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Section 7. Portwrinkle to Plymouth and the end of Cornwall! -  Cornwall Coast Path

Distance 13 miles to Plymouth Stonehouse - 15 miles to Plymouth Hoe

Grade - 13 miles moderate walking - 2 miles easy grade in Plymouth to the Hoe -  What these grades mean.


This day really is one of variety - woodland and cliffs taking you around impressive Rame Head, passing its forts and into the pretty bay at Kingsand and Cawsand and a last encounter with the tiny streets and lanes of a Cornish coastal village.

Keeping up high above Whitsand Bay this morning the route gives outstanding views and takes you past the massive Tregantle Fort, an imposing structure built in the 1860's to protect Plymouth from the sea.

Near the hamlet of Freathy you can drop to the beach for a break at Sharrow Grotto, a cave hewn out of the cliff face by Lieutenant Lugger who was an ex Naval Purser over 200 years ago, and created as a cure for his gout... which apparently worked!

The next landmark is the breathtaking headland of Rame Head - if you have been walking from Falmouth you will have first sighted this many days ago. Steps lead up to a rocky hillock which formed part of the Iron Age fort that was situated here. Right on the edge is a lonely chapel built over 600 years ago and still commanding itself over the scenery.

After dropping through some coastal Woodland you find yourself at the twin villages of Kingsand and Cawsand, which are handy for lunch stops, with several pubs and cafes by the beach. These pretty villages have changed hands between Devon and Cornwall several times throughout history and both were notorious for smuggling.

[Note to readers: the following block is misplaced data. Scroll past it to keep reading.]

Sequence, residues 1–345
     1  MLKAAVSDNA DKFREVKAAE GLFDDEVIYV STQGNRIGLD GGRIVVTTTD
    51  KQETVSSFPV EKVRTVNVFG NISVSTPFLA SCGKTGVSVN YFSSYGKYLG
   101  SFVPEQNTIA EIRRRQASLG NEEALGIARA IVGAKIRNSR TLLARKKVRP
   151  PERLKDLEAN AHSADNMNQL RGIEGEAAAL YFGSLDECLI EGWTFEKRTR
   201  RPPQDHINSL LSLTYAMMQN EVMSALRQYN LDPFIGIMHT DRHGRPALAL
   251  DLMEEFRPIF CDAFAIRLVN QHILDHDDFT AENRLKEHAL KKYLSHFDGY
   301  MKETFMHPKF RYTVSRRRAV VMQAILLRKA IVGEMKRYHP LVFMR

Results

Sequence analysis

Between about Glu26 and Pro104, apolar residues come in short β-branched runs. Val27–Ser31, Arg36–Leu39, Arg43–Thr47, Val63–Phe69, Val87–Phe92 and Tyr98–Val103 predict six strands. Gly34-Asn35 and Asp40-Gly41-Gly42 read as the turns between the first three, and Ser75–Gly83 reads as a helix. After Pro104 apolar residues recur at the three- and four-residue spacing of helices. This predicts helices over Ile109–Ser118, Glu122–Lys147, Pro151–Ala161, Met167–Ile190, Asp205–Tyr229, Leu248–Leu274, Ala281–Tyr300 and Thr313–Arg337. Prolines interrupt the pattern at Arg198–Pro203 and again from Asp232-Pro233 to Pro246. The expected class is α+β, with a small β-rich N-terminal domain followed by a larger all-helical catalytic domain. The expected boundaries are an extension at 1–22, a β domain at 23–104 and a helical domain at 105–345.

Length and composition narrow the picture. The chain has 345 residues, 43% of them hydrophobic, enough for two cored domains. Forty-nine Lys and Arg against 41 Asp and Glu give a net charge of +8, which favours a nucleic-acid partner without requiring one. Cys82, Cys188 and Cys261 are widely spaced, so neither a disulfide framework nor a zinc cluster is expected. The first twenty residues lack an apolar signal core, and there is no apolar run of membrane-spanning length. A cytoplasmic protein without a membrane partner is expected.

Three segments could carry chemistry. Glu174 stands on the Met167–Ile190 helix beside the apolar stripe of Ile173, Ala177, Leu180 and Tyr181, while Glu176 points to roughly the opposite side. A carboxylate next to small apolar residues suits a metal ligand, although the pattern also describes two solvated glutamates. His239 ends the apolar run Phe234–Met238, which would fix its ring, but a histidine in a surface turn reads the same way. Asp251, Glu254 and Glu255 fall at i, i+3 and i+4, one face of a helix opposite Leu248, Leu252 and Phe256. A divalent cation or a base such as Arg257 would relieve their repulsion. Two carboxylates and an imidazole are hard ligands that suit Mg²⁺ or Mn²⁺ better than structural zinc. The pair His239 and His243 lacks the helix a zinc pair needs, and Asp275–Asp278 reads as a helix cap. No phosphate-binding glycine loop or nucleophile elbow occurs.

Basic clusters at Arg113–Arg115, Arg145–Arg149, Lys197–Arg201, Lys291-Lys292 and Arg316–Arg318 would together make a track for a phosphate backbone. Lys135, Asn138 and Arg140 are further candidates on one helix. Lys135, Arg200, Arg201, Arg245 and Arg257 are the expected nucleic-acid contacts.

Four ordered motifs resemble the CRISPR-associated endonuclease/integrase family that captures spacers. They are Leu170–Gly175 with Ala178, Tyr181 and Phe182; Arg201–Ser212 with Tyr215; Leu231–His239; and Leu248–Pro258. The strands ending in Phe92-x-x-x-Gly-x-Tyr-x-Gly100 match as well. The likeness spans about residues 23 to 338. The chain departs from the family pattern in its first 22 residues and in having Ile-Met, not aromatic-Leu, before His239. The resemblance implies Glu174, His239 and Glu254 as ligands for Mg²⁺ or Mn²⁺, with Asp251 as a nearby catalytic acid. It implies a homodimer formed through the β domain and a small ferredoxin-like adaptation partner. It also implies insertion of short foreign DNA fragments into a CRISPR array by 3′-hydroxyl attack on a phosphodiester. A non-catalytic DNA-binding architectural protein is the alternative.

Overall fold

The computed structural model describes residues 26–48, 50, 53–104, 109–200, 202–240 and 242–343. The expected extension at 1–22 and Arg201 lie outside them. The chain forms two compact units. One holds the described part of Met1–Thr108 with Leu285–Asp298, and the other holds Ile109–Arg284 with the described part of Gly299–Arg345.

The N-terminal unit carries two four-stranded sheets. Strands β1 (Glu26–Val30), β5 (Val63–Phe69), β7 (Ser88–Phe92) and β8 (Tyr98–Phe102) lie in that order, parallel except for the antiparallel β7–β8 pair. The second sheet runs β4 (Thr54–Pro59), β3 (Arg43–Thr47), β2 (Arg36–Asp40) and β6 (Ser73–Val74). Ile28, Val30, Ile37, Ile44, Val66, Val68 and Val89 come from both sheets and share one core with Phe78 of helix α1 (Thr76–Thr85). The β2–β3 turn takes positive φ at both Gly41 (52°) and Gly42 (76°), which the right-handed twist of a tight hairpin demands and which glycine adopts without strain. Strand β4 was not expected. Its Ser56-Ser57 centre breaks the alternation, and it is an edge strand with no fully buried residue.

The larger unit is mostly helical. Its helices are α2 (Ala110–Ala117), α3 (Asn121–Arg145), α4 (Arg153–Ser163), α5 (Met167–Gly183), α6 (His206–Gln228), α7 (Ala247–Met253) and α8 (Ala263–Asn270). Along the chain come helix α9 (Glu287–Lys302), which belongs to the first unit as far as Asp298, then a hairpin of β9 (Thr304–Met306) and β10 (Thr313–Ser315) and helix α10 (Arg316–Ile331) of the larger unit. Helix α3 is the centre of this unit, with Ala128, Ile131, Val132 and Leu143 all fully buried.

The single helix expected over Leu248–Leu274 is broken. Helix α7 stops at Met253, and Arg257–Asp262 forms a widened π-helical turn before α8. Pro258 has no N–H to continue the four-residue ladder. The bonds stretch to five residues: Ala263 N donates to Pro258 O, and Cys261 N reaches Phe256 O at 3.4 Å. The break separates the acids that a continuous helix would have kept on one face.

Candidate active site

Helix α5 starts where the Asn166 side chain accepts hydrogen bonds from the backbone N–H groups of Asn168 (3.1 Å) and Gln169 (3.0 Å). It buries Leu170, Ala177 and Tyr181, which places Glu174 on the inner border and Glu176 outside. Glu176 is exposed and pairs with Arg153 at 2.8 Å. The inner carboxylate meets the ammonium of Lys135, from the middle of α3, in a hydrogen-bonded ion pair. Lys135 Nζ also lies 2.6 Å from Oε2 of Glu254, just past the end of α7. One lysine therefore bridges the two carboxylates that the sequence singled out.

Finally, after passing through the rather unsettling Dark Trees woodlands, you now enter wonderful country estate at Mount Edgcumbe. This huge country estate brings a final set of surprises for the weary walker. The path joins a cliffside carriage way (Earls Drive) on an unforgettable romp through the estate's ornate gardens, follies, ruins and fountains, guiding you into Plymouth Sound and the very western end of Cornwall separated only by a short ferry ride from the maritime city of Plymouth.

Stop and watch for the arrival of the Cremyll Ferry and your river crossing link to Devon - its pretty reliable as it's run for over 1000 years !

For those staying overnight you will usually be based on the waterfront at Plymouth Hoe and the last 2 miles from the ferry once you have landed in Devon follow the excellent Plymouth Waterfront Walkway packed with maritime history, sculpture and intrigue as it leads you through these well trodden streets to the Hoe


Overnight stops in Plymouth at the end of your South West Coast Path walking holiday

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